Home | News    Friday 12 March 2004

FEATURE-Sudan’s ancient Pyramids bait for hardy tourists


By Opheera McDoom

MEROE, Sudan, March 12 (Reuters) - Think of ancient Pyramids — think of Egypt. Think again.

Some 1,300 kilometres (810 miles) south of Cairo and looming over the east bank of the river Nile, Sudan’s dozens of pyramids peek over the horizon, completely untouched by modern commercialism.

Sudan is better known as the location of Africa’s longest civil war than a holiday hotspot, but with a peace deal on the cards in the south, more tourists are visiting its monuments.

Unlike their larger Egyptian counterparts in Giza where a stream of hawkers greets visitors and fast food restaurants face the Sphinx, visitors can find themselves utterly alone with the Royal Pyramids of Meroe.

In the mid-6th century B.C. Meroe became the central city of the ancient Nubian Cushite dynasty, the "Black Pharaohs", who ruled some 2,500 years ago in the area from Aswan in southern Egypt to present-day Khartoum.

The Nubians were at times both rivals and allies of the ancient Egyptians and adopted many of their northern neighbours’ practices, including burying members of the royal family in pyramid tombs.

To the south of Meroe lies al-Musawwarat, an impressive array of temples papered with ancient drawings of animals, and the ancient city of Naga, impressive and under-researched sites.

But there are no guided tours or sound and light shows.

"I don’t speak English and have to rely on tips from tourists to get money to feed my family," said Mohammed, the lone employee holding the visitors book at al-Musawwarat.

That has not discouraged some adventurous visitors, undeterred by Sudan’s history of war, sanctions and host of militants wanted by the United States.

Awatis Saeed, director of information at the tourism ministry, said tourist numbers had risen in the past two years following the lifting of U.N. sanctions and on hopes for peace based on continuing talks between the government and rebels.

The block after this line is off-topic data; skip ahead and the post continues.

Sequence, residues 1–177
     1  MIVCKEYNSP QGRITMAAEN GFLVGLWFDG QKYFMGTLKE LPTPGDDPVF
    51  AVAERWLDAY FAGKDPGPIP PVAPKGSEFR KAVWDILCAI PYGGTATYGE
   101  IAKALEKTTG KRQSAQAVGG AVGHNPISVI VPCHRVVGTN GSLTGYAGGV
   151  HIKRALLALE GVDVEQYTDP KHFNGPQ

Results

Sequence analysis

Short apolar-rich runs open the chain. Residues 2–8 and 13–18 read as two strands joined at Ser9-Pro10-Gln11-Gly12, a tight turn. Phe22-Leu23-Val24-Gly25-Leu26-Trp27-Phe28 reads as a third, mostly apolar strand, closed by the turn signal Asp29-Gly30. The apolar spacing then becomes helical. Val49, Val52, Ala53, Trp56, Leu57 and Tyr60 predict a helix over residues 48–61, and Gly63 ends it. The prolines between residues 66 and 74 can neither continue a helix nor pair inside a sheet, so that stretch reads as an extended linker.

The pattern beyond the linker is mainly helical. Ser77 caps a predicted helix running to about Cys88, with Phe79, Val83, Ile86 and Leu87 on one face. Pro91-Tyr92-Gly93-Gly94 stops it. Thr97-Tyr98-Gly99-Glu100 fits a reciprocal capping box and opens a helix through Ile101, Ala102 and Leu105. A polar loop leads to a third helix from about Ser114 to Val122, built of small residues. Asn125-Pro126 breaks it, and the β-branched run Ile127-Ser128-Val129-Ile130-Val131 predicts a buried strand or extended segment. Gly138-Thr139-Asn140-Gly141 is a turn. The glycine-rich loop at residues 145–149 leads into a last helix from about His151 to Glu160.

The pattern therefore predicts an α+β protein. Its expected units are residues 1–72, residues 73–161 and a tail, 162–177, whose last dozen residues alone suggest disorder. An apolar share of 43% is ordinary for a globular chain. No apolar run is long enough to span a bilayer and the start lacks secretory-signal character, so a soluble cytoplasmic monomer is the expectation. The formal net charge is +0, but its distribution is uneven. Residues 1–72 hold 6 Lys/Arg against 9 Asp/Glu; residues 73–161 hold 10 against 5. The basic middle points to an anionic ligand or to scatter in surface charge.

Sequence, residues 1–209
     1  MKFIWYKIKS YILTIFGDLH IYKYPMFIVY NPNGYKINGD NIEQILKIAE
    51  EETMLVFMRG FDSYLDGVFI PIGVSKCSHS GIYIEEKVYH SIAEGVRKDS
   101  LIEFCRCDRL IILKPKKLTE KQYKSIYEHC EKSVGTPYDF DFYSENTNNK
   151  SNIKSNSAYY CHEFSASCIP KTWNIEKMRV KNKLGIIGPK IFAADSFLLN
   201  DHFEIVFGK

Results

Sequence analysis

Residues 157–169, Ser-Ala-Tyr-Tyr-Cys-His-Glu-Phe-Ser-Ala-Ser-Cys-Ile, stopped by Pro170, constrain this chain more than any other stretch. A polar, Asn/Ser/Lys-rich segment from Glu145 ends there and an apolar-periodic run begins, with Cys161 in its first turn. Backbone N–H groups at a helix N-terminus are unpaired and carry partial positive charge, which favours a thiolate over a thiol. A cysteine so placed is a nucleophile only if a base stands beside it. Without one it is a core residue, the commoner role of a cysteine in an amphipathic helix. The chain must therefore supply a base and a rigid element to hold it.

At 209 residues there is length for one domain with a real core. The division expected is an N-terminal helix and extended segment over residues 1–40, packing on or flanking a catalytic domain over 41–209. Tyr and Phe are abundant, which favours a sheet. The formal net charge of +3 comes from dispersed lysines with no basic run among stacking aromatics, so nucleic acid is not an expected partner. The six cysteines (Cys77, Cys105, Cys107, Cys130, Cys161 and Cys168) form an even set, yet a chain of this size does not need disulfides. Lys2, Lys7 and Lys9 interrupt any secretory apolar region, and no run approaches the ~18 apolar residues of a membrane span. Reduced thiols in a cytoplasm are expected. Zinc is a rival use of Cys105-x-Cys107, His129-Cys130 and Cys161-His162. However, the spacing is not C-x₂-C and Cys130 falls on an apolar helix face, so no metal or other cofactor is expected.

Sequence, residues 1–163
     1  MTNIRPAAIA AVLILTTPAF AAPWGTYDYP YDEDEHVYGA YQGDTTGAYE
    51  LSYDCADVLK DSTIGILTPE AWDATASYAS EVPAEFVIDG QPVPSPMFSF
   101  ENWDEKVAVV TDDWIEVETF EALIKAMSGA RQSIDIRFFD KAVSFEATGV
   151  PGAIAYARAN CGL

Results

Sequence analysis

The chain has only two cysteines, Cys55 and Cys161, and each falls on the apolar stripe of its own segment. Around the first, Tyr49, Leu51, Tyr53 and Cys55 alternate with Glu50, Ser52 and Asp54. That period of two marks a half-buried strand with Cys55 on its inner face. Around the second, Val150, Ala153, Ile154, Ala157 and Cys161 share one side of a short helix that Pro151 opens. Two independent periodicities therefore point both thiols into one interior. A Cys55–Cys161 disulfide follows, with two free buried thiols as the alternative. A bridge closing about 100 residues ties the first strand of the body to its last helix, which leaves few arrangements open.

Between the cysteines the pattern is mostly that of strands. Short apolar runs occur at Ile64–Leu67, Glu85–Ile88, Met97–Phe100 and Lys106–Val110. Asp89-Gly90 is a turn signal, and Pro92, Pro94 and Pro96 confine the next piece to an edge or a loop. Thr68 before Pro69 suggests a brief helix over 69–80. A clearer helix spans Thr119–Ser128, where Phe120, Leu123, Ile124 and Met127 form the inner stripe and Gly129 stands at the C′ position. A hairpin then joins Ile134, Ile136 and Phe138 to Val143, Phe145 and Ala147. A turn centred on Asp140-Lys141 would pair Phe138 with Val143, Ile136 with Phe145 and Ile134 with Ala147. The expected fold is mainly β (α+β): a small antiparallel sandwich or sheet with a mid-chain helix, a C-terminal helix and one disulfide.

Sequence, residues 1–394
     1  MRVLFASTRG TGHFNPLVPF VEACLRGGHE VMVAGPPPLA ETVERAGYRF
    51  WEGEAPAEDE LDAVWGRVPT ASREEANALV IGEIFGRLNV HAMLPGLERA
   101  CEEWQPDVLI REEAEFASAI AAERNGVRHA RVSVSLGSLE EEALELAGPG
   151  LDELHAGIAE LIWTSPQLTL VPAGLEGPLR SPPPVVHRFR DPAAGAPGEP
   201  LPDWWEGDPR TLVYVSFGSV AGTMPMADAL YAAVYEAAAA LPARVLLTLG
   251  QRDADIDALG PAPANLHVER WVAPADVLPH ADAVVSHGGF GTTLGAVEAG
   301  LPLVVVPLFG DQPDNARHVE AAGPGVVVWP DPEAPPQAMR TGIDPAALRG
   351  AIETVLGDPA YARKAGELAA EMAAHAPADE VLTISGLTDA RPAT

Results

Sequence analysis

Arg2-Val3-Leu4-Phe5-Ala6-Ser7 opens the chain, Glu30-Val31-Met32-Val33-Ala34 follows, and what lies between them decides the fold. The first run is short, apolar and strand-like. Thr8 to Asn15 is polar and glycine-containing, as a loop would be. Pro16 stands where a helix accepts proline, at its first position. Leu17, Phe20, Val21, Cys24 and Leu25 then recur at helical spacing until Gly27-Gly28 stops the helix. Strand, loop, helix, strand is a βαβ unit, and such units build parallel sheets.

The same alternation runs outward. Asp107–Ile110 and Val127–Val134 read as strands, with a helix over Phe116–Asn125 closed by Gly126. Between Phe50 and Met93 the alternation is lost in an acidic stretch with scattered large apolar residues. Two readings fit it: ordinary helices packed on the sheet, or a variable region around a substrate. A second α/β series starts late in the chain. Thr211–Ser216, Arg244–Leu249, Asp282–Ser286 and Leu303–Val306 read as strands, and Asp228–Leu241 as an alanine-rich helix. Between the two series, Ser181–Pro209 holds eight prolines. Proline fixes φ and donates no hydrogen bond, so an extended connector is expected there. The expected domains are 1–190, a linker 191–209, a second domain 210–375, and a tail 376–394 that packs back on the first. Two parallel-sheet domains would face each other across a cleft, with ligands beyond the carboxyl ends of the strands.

Tourist numbers in 2003 rose to 55,000 from about 44,000 in 2001, she said

"This year it looks to be even more and... we are working to promote Sudan and welcome more tourists here," she told Reuters.


It’s not all plain sailing for prospective tourists in Sudan. Travel around Africa’s largest country is complicated as foreigners need government permits issued only in Khartoum to take photos or move around.

Not to mention the lack of roads.

The tarmac road to Meroe was built only a few years ago, and a long, bumpy dirt track is still the only way to access al-Musawwarat and Naga.

Hiring a four-wheel drive is a must to get around Sudan where there are only five or six main tarmac routes in a country covering about one million square miles (2.6 million sq km) of territory.

Sudan also has a national park, Dinder, in the southeast. Now difficult to access and in a state of disrepair, in its prime Dinder boasted herds of elephants, game and lions with none of the crowds of Kenya’s equivalents.

The colourful Omdurman souk in Khartoum offers tourists perfumes, crafts and, as a testament to the under-regulated tourism industry, shops stuffed full with ivory products.

Vendors say the ivory comes from the lawless south, where for more than two decades a civil war has raged, claiming more than two million victims.

The southern civil war pits the mainly Christian, animist south against the Islamic government in Khartoum, complicated by issues of oil, ethnicity and ideology.


Sudan played host to al Qaeda leader Osama bin Laden in the 1990s and the United States imposed sweeping economic sanctions in 1997 adding it to its list of states that "sponsor terrorism."

The U.S. sanctions mean credit cards are almost impossible to use throughout Sudan and some tourists say they were daunted by Islamic Sharia law imposed in 1983.

A team hoping to navigate the length of the Nile and some of the wildest whitewater in the world by raft said the political climate in Sudan worried them more than crocodiles.

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